The most powerful player I met during my KoW days was a Japanese player called Arthur from server 62. His army on his main account would have cost tens of thousands of dollars, and he didn't hide the fact either. He was quite vocal about his chain of restaurants in Roppongi, Tokyo's most exclusive neighborhood, and whether he was telling the truth or not, it was plainly visible to all of how quickly he replenished his losses after each battle. In some cases his overall power would increase after costly battles, indicating that he had just spent literally hundreds of dollars to recruit more troops and replenish his losses. Not only that, his army was the best money could buy - he had the best officers, the best weapons and the best warships. No one could stand with him head to head, and even coordinated attacks were very costly. His base was literally siege proof, because it had so many troops it would have cost millions of casualties to crack it open.

Incidentally, my proudest moment was when our server defeated 62. We merely hid when Arthur was around, and laid waste to his support structure. We worked out his time zones, his close friends, and applied pressure constantly whenever he wasn't around. Our diplomats also worked hard to isolate his server, and to coordinate attacks whenever we were able. It was a classic case of asymmetrical warfare, and I've said many times on this blog how much I like this type of gameplay. However, it is all poisoned, tainted and unpalatable thanks to the addition of the pay to win model. What I've learned about myself is that I am willing to tolerate almost all asymmetry in persistent world PvP EXCEPT for inequalities arising from the injection of money. I wonder if there is an element of sour grapes in that, because I was a spender, too, but mostly I'm annoyed at myself for having been ensnared by such a transparently rapacious business model. Being stuck indoors thanks to the pandemic is no excuse. It was just a failure of judgement. But I've also re-evaluated my stance on asymmetrical open world PvP, of which I have been a staunch defender. Clearly there was a line that I could not tolerate, which means what I previously thought as acceptable might pose similar Rubicons for other players, who are just not willing to put with the same inequalities that I would.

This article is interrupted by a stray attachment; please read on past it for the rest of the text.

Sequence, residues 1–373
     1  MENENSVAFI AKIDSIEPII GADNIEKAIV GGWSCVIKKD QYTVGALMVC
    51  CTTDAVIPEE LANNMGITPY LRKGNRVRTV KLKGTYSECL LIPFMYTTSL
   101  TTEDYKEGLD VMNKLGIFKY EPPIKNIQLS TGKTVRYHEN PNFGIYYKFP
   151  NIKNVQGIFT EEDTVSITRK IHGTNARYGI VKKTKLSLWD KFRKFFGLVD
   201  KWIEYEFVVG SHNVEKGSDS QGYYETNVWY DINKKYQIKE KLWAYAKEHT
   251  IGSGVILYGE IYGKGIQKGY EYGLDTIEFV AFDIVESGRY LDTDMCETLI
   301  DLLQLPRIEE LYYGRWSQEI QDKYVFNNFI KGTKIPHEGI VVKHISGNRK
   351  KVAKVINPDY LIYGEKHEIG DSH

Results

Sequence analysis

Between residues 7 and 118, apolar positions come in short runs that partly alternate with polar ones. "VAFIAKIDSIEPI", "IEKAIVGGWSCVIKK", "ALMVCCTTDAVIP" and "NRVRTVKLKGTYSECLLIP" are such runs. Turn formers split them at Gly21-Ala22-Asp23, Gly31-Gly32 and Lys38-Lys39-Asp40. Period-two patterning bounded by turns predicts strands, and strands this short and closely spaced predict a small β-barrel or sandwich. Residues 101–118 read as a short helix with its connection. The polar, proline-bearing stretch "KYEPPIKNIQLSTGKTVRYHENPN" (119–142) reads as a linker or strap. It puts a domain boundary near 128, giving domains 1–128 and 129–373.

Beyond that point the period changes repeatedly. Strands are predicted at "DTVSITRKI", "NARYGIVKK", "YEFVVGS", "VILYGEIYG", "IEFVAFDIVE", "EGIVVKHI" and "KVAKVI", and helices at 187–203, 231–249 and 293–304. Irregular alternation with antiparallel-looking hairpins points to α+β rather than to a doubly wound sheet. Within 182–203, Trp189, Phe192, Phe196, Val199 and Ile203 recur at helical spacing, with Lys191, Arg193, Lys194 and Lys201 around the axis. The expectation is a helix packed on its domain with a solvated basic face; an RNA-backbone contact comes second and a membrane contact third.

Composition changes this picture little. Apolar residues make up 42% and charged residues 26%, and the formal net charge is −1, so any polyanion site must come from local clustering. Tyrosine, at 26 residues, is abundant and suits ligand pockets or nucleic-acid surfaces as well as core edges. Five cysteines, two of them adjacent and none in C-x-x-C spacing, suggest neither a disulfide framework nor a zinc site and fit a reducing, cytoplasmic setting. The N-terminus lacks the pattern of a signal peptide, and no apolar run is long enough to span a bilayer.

What I'm not ashamed of is the friends and team mates I made during my time in Kiss of War. I have met people who I would trust in real life, and we have literally spent hours together either spearheading offensives, fighting field battles, or manning the walls to defend against enemy counterattacks. But these lasting bonds are also exploited by these greedy fuckers, who use the good things about people to make them spend more. Tom and I have spent a ridiculous amount of money trying to protect our guild against outside threats, and even more once our server became united and we began fighting other servers. Ego and competitiveness are big drivers of player spending - but so is loyalty, devotion and friendship. Asymmetrical games are really empire building simulations, and you need people you can trust - alliances and coalitions are much more important than individual player prowess. In the end you find yourself staying for the sake of your team mates, and these companies exploit that to the fullest.

As a final testament to my Kiss of War days I included a video I made and shared with my server during our apogee. I was going to make another one, detailing the rise and fall of my server, but perhaps it's not needed. I have a bad habit of not finishing my series, as evidenced by my Long War and Mortal Empire series, and thought I'd at least wrap this one up. Goodbye Kiss of War - I won't miss you, but I will miss my awesome guildies, and the other great people on server 29.